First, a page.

Managing stock

Businesses need to manage their stock in the most effective and efficient way possible.

Stock can consist of:

  • raw materials waiting to be used in production
  • work in progress
  • finished stock waiting to be delivered

For example, a car manufacturer’s stock could include car parts and components waiting to be fitted (raw materials), partially built cars (work in progress) and completed cars waiting to be delivered to customers (finished stock).

If the stock materials are not managed efficiently, it could mean production has to stop. As a result, the whole factory production line could come to a halt.

Procurement means getting the right supplies from the right supplier. Effective stock control is important to both customers and businesses.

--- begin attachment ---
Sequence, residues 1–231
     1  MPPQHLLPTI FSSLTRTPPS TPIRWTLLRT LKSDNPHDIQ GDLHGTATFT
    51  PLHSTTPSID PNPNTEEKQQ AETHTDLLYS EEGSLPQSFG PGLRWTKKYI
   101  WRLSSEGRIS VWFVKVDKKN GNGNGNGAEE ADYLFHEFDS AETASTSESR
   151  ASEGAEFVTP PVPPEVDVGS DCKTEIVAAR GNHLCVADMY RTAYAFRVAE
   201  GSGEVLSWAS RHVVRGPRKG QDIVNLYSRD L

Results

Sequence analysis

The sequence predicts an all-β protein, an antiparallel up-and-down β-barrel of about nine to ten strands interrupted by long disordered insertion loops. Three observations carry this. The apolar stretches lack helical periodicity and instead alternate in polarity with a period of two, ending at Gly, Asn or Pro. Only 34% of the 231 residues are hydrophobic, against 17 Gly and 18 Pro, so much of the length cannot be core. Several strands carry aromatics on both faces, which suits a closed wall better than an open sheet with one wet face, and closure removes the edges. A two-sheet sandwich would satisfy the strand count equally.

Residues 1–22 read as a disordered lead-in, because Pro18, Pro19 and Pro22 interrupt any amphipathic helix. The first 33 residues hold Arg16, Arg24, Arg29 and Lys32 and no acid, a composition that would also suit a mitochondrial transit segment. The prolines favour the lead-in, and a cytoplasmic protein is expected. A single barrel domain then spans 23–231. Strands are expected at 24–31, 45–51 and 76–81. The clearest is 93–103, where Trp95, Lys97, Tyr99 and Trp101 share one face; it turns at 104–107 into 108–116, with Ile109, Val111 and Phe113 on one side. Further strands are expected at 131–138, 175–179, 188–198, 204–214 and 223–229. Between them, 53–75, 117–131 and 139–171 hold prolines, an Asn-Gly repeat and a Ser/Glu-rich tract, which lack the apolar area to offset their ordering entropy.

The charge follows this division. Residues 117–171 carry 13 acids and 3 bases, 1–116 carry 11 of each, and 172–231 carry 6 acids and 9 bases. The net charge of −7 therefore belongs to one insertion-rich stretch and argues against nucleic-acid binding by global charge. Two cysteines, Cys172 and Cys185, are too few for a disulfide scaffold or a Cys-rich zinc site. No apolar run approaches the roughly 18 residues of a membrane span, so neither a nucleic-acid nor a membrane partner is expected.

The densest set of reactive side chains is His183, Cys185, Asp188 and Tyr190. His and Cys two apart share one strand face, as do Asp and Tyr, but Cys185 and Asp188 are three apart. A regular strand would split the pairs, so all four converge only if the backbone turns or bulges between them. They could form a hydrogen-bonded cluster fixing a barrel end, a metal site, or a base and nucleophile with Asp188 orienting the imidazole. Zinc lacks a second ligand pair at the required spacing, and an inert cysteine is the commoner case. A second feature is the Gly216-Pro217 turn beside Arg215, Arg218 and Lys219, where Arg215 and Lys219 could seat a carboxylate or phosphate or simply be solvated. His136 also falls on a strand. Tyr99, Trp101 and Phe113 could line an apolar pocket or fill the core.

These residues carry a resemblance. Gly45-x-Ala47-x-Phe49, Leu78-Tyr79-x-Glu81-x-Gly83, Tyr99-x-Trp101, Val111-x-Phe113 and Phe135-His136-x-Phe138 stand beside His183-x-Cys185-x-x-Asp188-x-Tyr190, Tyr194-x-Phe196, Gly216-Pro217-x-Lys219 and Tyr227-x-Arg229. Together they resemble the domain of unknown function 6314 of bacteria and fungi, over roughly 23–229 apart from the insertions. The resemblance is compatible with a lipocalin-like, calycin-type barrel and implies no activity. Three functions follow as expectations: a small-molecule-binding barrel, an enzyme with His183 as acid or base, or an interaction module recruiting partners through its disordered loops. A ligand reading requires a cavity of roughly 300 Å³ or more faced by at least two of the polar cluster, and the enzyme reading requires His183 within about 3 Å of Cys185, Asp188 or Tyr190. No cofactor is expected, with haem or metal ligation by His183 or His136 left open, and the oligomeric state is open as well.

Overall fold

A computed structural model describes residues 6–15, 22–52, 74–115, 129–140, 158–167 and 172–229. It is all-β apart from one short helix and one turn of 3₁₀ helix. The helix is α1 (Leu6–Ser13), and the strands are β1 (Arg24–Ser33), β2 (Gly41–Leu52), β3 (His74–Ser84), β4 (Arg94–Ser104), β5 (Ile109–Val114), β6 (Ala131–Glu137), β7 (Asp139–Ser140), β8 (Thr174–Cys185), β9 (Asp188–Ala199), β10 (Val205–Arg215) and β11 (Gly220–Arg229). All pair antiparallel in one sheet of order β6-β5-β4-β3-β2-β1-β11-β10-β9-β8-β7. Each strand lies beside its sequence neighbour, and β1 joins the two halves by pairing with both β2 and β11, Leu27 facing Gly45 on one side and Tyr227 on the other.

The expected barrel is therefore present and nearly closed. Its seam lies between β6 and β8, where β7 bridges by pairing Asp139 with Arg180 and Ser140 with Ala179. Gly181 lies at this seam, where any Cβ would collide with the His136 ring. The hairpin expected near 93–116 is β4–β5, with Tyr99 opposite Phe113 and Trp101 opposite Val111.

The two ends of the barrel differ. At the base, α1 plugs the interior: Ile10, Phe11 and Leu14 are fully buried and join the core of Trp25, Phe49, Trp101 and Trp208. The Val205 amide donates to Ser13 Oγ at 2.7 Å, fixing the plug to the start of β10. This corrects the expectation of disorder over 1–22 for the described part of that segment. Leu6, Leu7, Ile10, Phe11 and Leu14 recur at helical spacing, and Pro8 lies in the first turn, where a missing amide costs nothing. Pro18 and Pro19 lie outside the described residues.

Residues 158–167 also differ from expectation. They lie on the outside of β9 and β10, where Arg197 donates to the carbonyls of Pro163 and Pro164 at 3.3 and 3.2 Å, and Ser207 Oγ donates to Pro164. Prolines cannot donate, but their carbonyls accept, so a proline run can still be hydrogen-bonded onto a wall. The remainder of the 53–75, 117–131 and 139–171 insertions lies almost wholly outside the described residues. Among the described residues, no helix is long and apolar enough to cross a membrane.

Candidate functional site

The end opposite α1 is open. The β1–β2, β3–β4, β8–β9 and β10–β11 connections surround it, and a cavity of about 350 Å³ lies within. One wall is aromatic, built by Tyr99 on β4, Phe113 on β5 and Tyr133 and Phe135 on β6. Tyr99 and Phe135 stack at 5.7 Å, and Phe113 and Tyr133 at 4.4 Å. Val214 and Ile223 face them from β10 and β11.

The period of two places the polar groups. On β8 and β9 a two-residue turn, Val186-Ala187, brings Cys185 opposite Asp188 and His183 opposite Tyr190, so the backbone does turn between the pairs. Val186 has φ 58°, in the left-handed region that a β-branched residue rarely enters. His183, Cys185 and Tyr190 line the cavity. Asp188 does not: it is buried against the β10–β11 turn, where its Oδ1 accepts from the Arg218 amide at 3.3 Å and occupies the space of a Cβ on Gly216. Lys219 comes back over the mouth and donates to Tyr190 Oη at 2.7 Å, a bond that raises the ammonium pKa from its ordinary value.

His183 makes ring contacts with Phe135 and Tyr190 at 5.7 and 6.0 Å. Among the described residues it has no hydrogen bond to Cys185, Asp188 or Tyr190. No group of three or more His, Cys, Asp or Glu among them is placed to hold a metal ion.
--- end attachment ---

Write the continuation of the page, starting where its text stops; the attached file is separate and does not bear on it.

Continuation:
Customers expect to be able to go into a store and buy the products they desire.

Without appropriate stock control, businesses can run out of stock, which loses them sales and potentially customers. However, holding too much stock can also have negative consequences:

  • high storage costs, which may mean the business has to raise its prices
  • increased waste, if the products are perishable, eg fruit and vegetables
  • reduced income, if the business needs to sell off excess stock at a reduced price